There was never such a time in Virginia as during the visit of Gen. Lafayette. Two years after this Mr. Jefferson died. Then began our troubles. We were scattered all over the country, never to meet each other again until we meet in another world. A peculiar fact about his house servants was that we were all related to one another, and as a matter of fact we did not need to know that we were slaves. As a boy I was not only brought up differently, but dressed unlike the plantation boys. My grandmother was free, and I remember the first suit she gave me. It was of blue nankeen cloth, red morocco hat and red morocco shoes. To complete this unique costume, my father added a silver watch.
At Monticello we always had the house full of company. Not only did Jefferson’s own countrymen visit him, but people from all parts of Europe came to see his wonderful home. On the first floor was Mr. Jefferson’s study, called the “green room.” Here such men as Madison, Monroe and others were wont to discuss the problems of the day. I was too young to know much about these great men, but I remember seeing them and being in the same house with them.
Mr. Madison used to come and stay for days with Mr. Jefferson. He was a very learned man, as was also Mr. Jefferson. He was a kindly looking old gentleman, and his coming looked for with pleasure by the older servants for he never left without leaving each of them a substantial reminder of his visit.
Mr. Monroe did not live as far from our home as Mr. Madison, and his visits were more frequent. While he was a wise and great man, and a friend of Mr. Jefferson, their companionship was not as close as that existing between Mr. Jefferson and Madison. He was more of a statesman than a scientist, while Madison and Jefferson were both. On the north terrace of Monticello was the telescope, and it was here that Madison and Jefferson spent a great deal of their time. One day while Mr. Jefferson was looking through his telescope to see how the work was progressing over at Pan Top, one of his plantations, he saw 500 soldiers, headed by Col. Tarleton, and led by a traitor whose name I have forgotten, coming up the north side of the mountain to capture him along with the Congress which was being held at Charlottesville.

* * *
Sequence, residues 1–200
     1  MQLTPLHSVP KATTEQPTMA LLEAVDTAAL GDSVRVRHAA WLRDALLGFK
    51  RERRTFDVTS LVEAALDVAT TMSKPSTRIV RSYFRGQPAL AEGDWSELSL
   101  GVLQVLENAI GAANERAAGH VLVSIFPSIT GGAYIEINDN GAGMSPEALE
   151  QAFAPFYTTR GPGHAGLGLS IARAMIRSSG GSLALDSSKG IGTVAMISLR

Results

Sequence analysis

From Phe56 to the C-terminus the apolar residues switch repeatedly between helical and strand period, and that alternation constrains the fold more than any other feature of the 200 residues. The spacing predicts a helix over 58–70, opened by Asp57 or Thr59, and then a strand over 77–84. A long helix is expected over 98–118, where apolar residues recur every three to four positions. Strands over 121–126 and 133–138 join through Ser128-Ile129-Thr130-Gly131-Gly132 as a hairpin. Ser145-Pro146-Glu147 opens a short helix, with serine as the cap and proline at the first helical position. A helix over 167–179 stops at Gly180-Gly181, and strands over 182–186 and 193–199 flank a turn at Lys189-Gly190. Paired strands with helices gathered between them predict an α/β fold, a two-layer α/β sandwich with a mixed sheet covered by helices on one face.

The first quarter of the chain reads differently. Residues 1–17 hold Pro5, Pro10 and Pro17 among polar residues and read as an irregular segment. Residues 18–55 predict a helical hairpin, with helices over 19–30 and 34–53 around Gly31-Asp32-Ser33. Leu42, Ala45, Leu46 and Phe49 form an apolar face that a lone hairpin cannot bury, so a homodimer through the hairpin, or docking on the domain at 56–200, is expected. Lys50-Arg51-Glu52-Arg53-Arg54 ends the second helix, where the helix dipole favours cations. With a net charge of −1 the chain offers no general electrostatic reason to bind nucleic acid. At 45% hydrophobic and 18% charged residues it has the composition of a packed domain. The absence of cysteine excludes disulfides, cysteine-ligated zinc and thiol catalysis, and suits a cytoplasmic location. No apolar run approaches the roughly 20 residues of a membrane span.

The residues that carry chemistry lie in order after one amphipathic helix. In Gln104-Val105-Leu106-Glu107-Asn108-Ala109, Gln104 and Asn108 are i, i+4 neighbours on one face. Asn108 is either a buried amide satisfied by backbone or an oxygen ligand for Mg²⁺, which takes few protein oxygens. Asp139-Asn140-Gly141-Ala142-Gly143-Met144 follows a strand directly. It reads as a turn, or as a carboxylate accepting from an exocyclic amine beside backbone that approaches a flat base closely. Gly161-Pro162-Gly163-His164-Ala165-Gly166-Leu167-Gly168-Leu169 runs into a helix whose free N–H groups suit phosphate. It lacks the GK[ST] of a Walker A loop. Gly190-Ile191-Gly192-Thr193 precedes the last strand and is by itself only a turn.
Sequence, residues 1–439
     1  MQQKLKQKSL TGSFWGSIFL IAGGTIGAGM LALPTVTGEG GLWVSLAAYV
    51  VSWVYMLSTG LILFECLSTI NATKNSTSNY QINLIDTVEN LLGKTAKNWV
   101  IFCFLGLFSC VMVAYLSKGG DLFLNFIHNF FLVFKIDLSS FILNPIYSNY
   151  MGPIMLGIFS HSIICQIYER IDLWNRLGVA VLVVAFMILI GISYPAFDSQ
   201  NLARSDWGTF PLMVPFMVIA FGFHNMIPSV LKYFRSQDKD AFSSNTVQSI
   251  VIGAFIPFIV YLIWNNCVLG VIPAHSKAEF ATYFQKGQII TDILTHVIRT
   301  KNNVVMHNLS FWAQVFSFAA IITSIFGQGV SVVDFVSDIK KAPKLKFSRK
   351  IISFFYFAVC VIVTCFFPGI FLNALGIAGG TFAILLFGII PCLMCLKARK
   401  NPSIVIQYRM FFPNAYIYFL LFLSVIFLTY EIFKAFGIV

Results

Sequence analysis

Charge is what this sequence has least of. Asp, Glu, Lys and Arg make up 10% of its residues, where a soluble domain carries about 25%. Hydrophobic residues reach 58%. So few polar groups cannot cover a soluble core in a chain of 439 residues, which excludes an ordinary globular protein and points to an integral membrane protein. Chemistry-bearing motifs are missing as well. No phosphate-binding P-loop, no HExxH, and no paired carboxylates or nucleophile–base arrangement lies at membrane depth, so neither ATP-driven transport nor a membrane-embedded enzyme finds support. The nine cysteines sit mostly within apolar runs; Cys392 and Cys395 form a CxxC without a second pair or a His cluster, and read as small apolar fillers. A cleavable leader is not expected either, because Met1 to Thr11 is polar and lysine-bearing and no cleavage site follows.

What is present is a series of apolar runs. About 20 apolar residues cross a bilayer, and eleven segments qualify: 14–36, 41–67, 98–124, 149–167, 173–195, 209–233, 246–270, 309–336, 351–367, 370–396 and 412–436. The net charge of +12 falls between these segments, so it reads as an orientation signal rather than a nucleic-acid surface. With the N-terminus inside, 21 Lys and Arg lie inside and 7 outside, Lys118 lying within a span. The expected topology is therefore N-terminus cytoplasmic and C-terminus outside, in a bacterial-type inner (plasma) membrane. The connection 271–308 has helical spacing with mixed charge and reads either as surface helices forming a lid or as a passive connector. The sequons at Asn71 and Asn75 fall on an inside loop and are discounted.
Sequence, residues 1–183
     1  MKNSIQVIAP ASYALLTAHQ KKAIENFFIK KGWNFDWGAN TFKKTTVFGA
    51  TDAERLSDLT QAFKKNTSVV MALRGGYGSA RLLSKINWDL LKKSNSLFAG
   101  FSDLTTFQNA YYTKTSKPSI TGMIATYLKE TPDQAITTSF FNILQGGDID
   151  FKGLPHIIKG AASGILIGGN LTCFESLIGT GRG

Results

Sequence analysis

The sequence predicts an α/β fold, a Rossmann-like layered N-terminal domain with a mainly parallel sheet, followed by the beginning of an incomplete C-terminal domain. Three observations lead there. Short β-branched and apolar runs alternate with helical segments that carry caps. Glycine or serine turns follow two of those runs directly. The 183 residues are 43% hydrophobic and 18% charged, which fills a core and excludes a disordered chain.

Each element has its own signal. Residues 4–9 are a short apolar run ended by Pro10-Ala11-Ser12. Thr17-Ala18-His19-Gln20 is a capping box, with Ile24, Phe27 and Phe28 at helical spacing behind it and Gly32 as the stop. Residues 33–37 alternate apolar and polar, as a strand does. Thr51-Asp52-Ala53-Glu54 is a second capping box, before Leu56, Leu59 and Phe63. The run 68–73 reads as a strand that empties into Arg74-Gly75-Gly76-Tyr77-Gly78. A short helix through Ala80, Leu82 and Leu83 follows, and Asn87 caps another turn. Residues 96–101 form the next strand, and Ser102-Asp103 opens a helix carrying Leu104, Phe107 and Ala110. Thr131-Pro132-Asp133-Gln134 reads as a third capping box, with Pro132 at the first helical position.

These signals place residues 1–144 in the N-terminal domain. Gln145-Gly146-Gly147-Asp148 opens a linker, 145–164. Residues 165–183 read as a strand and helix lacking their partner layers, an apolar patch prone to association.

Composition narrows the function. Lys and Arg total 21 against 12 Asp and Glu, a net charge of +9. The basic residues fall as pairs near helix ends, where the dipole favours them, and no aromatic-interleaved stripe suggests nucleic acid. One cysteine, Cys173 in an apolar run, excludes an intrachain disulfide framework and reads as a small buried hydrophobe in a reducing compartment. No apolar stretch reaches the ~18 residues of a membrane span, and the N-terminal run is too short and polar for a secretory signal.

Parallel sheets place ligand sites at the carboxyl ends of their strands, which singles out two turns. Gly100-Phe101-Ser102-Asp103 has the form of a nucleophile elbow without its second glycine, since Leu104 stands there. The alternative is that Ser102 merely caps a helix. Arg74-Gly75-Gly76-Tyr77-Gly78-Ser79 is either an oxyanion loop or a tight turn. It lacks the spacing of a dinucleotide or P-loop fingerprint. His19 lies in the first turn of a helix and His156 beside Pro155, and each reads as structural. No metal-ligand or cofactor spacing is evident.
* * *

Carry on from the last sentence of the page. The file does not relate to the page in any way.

He hastily called up his servants, told them to collect and hide the silver, and gathered his valuable papers. My mother’s uncle saddled his horse and took him up to Carter’s Mountain, where Mr. Jefferson hid in the hollow of an old tree. He had told his butler to hoist the flag over the dome of his home while the soldiers were there and to take it down when they were gone. This he did. My father’s aunt hid the silver in the potato cellar. When the soldiers came up she was standing over the keyhole. The house was searched and nothing could be found. They came to her and with arms drawn demanded that she should tell them where the silver was. Then they turned their attention to the wine cellar, broke all the casks, and with their swords cut all the tops off the bottles of wine that stood on the shelves. The rare old wine that he sent to France for covered the floor to the depth of three steps.
They caroused around the place for about three hours, and one of the soldiers rode up into the house on his horse, and the beautiful floor of the music room, inlaid with gothic fret-work, still bore the prints of the horse’s shoes when I left Monticello.
His summer residence, Poplar Forest, where he spent three months in each year, was a Mecca for all the great men of the world, and the Indians also. In those days they ran the wisest and best men for office, and not the most unscrupulous, as now. At 10 o’clock every day he went to the University and returned at 2 for dinner. Many times have I ordered his horse, a large chestnut bay, which bore the name of Eagle. As for the social enjoyment of the men of those days the people of this time do not begin to come up to it. Weddings, parties, barbecues and the like, even the slaves participated in.
As a master Jefferson was kind and indulgent. Under his management his slaves were seldom punished, except for stealing and fighting. They were tried for any offense as at court and allowed to make their own defense. The slave children were nursed until they were three years old, and left with their parents until thirteen. They were then sent to the overseers’ wives to learn trades. Every male child’s father received $5 at its birth.
Jefferson was a man of sober habits, although his cellars were stocked with wines. No one ever saw him under the influence of liquor. His servants about the house were tasked. If you did your task well you were rewarded; if not, punished. Mrs. Randolph would not let any of the young ladies go anywhere with gentlemen with the exception of their brothers, unless a colored servant accompanied them. On July 4, 1826, exactly fifty years after the signing of the Declaration of Independence, Jefferson and Adams died. I was eleven years old.
Sorrow came not only to the homes of two great men who had been such fast friends in life as Jefferson and Adams, but to the slaves of Thomas Jefferson. The story of my own life is like a fairy tale, and you would not believe me if I told to you the scenes enacted during my life of slavery. It passes through my mind like a dream. Born and reared as free, not knowing that I was a slave, then suddenly, at the death of Jefferson, put upon an auction block and sold to strangers. I then commenced an eventful life.